Archive for ‘Fennel’

September 9, 2012

Recipe: Paul Gayler’s courgette and fennel bouillabaisse

Bouillabaisse on a vegetarian food blog? Is there something fishy going on? Not at all.

Paul Gayler, a man who’s pretty good with vegetables, turns the classic fish soup from Marseille into a late summer stew that is fragrant and filling – especially if a slab of crusty bread is at hand to soak up some of the broth.

The recipe is at the Telegraph website, here.

This will be made, and hastily eaten no doubt, in the next few days.

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May 8, 2012

Recipe: Mark Hix’s Asparagus, Radish and Fennel Salad

Yes, it’s been quiet over here at ETP Towers. Actually, scrub that: it’s been busy. Day jobs and gatherings with family and old friends have taken us away from the kitchen rather a lot recently.

One thing we haven’t missed out on, however, is new season asparagus. A trip to the Cotswolds brought us almost to the Vale of Evesham, where some of the UK’s best asparagus is grown. We had some and my was it good.

If you’re bored of steaming, boiling and grilling those sweet green stalks then (generally meaty) chef Mark Hix has another way of getting your fix: eating asparagus raw. It also marks a second appearance of radishes on this blog. Yippee!

The recipe is utterly simple, totally tempting and over here.

April 10, 2012

Last night’s dinner: Denis Cotter’s roast garlic and fennel mash with lemon-braised chickpeas and aubergine

Wow. Denis Cotter claims this is an autumnal dish. We had it on a dark April day when a bowl of filling, warming loveliness was called for. The garlic and fennel mash was sublime and a tangy topping of chickpeas was the perfect complement. We made a little too much and still scraped our bowls clean. The recipe is in Cotter’s book For the Love of Food, here. I know we plug this book intermittently, but it’s with good reason. So, no recipe here – go buy!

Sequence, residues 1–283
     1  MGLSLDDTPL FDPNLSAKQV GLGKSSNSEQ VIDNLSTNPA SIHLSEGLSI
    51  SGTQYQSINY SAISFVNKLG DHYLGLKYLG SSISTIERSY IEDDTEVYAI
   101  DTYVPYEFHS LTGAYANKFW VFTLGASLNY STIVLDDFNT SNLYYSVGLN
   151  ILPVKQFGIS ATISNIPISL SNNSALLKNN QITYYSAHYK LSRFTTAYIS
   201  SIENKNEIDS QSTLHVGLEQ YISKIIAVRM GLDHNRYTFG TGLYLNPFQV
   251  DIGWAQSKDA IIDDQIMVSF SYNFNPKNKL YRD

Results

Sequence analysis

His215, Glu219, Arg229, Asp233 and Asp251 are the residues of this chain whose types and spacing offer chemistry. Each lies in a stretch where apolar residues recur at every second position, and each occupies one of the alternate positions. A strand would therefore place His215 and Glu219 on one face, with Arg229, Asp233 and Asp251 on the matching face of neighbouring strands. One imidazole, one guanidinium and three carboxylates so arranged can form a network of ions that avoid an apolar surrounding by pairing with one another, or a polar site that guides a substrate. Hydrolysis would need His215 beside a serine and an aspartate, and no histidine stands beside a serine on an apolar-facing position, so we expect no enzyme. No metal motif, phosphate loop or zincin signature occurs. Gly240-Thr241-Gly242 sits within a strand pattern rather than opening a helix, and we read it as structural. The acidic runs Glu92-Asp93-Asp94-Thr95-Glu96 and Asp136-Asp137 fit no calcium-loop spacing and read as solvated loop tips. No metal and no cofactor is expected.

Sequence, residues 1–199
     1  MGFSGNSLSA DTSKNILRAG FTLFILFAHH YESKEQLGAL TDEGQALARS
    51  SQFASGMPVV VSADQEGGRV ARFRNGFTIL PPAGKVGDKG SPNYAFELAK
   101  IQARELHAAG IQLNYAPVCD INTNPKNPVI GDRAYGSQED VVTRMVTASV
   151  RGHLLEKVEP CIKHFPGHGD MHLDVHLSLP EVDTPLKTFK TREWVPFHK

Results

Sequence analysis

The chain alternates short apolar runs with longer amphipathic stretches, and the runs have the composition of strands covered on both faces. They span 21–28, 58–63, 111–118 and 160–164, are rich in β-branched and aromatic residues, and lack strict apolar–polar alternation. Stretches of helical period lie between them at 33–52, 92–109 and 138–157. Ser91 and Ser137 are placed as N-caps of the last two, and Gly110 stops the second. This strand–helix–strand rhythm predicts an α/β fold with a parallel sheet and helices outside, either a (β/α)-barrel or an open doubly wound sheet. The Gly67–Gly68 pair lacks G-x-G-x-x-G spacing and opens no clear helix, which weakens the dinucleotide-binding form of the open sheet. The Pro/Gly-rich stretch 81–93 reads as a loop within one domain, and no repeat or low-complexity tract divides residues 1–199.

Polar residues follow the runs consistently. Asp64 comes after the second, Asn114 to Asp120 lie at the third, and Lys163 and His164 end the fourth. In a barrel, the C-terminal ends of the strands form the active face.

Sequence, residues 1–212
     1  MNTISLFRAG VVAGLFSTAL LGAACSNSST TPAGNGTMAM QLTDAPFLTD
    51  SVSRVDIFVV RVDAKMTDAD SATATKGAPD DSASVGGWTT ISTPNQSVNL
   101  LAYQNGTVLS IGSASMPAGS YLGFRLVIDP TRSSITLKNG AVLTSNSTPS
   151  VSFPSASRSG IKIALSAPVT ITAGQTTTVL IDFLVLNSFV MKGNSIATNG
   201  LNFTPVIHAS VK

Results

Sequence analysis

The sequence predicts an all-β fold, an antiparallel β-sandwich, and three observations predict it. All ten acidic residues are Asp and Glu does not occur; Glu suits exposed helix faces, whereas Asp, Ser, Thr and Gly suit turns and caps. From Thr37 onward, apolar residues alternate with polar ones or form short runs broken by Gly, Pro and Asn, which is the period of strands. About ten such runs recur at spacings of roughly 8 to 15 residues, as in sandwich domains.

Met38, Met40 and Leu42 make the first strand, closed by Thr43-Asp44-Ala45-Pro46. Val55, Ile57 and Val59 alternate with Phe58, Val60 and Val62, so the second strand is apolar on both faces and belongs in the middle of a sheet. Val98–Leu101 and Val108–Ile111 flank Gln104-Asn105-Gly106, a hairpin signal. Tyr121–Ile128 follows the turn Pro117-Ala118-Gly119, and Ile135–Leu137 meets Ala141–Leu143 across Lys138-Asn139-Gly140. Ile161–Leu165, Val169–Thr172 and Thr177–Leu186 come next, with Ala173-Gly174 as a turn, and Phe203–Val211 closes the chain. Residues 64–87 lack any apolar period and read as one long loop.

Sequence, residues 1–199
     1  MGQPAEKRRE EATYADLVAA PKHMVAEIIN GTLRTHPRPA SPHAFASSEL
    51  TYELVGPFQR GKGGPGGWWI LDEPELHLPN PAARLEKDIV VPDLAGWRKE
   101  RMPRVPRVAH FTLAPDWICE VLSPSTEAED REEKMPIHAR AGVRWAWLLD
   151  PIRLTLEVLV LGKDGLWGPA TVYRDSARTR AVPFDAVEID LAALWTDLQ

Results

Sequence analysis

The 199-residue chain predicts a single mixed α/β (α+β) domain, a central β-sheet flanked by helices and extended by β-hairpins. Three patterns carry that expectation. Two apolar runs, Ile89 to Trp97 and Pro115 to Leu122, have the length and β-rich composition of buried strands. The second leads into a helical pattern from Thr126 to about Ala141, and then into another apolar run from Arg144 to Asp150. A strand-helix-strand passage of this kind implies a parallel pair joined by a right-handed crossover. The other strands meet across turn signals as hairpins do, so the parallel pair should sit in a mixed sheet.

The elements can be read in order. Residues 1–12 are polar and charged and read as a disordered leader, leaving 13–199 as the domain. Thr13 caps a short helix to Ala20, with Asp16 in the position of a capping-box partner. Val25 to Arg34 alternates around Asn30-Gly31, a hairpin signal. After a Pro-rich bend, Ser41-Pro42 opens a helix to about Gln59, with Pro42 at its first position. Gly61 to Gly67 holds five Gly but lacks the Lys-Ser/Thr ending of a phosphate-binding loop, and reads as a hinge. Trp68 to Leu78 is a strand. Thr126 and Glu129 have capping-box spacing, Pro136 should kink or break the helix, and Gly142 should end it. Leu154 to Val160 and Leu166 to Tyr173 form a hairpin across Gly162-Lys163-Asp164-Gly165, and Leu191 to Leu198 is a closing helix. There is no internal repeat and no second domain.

January 12, 2012

Last night’s dinner: Beetroot risotto with lemon oil and goat’s cheese

Do you ever start to make a recipe and then realise you’re missing a vital ingredient? Only the other day I was busy assembling a meal of (Turkish vegetable casserole) Turlu Turlu when I remembered I had no tomatoes in the house in any shape or form. Which reminds me that ETP should feature that recipe at some point.

Well, this risotto recipe may look complete, but secreted within it is a similar story. It was meant to include elements of fennel (in the oil) and broad beans (adding colour and texture to the risotto). Oh dear. I can feel our old friend Denis Cotter, whose recipe we were stealing, shaking his head admonishingly.

But we persevered and, if you haven’t tried a beetroot risotto before, so should you. Here’s how:

The lemon oil was made by shaking olive oil with the zest and juice of a lemon in a jar. Easy – in effect a basic lemony dressing.

Beets are then boiled/simmered until tender (anywhere between 20-40 minutes, depending on size), drained, rinsed under cold water then peeled. They are then diced and roasted with a little olive oil and salt for 15 minutes. Don’t burn them – it’s easily done.

After 15 minutes, remove half the beets and, adding about a cup-full of vegetable stock or water, blend to a puree in a food processor and put it in a pan on the hob, adding enough extra stock to make the amount of risotto you’re cooking. Keep the stock hot. Continue to cook the remainder of the beets in the oven for 10 more minutes or so, until they begin to caramelise.

Now for the rice – and this really just becomes a standard risotto cooking method with a different type of stock. So, saute a couple of finely sliced shallots and 2 cloves of garlic in a little olive oil for 5 minutes. Add arborio risotto rice and ‘toast’ it in the pan for 5 minutes, stirring often. Add a small glass or red wine and cook for a further 5 minutes or so to ‘burn off’ the alcohol. Then start to add the beetroot stock, a ladle at a time. Keep going until the risotto is just tender. It should be pink too! When it’s done, stir in the caramelised beets and a little butter.

To serve, plate up the rice, scatter over some goats cheese and drizzle the lemon oil over.